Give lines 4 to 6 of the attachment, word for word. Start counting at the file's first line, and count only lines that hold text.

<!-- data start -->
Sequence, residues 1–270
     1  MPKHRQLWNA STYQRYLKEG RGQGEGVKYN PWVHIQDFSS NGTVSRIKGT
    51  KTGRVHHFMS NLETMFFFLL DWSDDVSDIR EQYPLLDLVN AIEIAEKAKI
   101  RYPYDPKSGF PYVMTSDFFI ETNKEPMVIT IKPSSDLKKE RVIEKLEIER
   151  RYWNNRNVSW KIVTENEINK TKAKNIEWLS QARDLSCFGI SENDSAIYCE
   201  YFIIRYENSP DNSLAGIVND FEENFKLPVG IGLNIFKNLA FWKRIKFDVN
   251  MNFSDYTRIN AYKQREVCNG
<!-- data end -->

   101  RYPYDPKSGF PYVMTSDFFI ETNKEPMVIT IKPSSDLKKE RVIEKLEIER
   151  RYWNNRNVSW KIVTENEINK TKAKNIEWLS QARDLSCFGI SENDSAIYCE
   201  YFIIRYENSP DNSLAGIVND FEENFKLPVG IGLNIFKNLA FWKRIKFDVN